The CBP announced updated guidance for importers and customs brokers when importing foreign-origin goods returned to the U.S. under Harmonized Tariff Schedule (HTS) subheading 9801.00.10.
Regardless of their origin, goods returning to the U.S. cannot undergo any modifications that would advance their value or improve their condition while abroad. Moreover, the company cannot obtain a duty drawback when exporting these goods. The goods also cannot enter the U.S. under a Temporary Import Bond.
Importers need the following documents to support claims (no matter where the good was manufactured):
If goods with foreign-origin parts that have been manufactured in the U.S. are valued at over $2,500 and are not clearly marked with the name and address of the U.S. manufacturer, they may require additional proof of U.S. origin such as a manufacturer’s affidavit.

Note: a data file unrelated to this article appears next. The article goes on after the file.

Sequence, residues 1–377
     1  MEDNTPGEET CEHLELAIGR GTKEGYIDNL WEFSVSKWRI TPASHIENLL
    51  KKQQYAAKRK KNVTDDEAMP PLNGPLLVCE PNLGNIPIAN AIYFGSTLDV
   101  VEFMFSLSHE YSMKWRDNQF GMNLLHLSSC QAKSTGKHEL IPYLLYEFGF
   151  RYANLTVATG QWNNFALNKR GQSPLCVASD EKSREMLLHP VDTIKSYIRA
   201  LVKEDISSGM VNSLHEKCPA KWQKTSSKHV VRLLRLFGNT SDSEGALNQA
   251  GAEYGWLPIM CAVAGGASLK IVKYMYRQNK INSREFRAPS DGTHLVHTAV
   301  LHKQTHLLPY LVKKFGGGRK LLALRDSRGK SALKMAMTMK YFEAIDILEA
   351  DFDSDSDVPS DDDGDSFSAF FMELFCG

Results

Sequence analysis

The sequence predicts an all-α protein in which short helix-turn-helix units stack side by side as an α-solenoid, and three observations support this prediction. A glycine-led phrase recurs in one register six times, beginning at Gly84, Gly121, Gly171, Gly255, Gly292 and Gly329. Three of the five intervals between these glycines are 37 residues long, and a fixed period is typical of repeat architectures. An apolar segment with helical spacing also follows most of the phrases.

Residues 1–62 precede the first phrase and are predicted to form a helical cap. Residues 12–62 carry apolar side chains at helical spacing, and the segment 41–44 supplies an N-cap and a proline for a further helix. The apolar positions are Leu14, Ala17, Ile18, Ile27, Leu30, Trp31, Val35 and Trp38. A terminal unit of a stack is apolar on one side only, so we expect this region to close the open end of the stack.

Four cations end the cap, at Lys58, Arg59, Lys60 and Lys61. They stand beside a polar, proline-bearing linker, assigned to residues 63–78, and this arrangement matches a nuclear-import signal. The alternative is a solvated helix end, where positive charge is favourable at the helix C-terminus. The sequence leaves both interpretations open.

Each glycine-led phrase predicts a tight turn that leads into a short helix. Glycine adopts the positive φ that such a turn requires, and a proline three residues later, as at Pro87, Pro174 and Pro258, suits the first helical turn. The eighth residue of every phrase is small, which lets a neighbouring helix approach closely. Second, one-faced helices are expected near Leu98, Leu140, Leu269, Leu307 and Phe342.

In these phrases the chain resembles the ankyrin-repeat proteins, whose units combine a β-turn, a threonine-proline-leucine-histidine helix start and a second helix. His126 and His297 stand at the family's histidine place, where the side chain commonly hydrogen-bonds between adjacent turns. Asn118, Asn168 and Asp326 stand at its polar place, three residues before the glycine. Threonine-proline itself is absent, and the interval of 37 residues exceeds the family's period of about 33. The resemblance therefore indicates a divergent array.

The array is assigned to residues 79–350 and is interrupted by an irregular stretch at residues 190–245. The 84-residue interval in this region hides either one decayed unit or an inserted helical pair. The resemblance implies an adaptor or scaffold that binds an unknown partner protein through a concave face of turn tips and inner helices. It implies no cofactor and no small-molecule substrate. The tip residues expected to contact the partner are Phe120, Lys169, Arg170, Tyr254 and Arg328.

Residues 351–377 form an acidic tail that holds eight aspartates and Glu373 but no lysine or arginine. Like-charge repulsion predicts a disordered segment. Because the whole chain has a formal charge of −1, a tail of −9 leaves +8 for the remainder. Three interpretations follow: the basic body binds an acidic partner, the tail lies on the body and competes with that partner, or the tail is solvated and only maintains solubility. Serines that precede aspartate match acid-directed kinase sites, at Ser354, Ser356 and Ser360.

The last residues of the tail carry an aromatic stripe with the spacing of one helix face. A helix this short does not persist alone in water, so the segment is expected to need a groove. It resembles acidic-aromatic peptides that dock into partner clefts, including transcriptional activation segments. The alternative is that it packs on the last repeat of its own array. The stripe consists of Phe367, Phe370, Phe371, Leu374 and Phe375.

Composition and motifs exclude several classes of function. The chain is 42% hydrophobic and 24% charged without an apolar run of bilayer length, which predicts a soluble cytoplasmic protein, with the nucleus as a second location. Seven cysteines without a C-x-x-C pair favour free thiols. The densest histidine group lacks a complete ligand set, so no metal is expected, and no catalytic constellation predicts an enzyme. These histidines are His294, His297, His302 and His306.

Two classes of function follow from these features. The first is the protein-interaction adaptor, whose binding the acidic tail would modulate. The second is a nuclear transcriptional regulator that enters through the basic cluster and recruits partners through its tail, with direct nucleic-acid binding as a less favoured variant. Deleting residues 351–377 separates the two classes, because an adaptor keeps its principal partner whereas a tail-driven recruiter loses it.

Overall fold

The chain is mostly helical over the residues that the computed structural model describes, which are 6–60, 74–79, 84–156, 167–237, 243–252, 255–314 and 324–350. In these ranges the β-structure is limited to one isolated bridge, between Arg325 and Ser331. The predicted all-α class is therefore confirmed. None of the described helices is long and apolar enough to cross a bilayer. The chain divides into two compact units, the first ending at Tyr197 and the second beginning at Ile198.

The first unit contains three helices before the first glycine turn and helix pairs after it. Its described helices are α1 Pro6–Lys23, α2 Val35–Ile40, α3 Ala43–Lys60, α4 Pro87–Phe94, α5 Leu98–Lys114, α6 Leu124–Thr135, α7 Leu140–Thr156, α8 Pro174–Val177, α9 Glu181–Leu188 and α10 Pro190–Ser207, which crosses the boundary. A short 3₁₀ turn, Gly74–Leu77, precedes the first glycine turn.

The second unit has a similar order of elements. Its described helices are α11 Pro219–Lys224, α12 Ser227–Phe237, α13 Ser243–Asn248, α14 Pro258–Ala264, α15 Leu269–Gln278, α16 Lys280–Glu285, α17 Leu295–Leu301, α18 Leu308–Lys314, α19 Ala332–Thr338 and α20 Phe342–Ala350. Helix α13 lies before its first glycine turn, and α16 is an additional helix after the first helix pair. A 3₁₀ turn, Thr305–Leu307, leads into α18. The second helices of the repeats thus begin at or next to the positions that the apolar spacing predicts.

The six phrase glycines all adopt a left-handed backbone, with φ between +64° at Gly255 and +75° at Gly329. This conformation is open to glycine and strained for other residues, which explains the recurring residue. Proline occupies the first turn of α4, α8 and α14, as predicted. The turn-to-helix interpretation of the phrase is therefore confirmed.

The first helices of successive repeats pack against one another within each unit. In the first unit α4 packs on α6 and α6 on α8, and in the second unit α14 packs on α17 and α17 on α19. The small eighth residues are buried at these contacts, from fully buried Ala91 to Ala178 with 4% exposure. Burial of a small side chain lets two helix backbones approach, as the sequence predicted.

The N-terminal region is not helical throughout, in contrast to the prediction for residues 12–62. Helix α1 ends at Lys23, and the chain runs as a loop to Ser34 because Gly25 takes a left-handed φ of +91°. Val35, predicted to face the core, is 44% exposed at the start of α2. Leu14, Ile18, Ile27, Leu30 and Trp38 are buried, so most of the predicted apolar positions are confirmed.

When importing finished products containing U.S.-origin parts, importers can use the following documents as proof of origin:
- Copy of entry into the foreign country
- U.S. export invoice, and bill of lading (BOL) or airway bill
- Automated Export System (AES) Internal Transaction Number (ITN) or AES filing exemption
Returned aircraft, aircraft parts, or goods requiring a State Department license may have additional requirements.
Importers of record are responsible for bringing the correct documentation to support their claim of a good’s origin.
If you have any questions regarding CBP’s requirements when importing goods returned to the U.S. under HTS 9801.00.10, please contact your Livingston account manager. CBP may be contacted at firstname.lastname@example.org ATTN: Ms. Kellee Gross.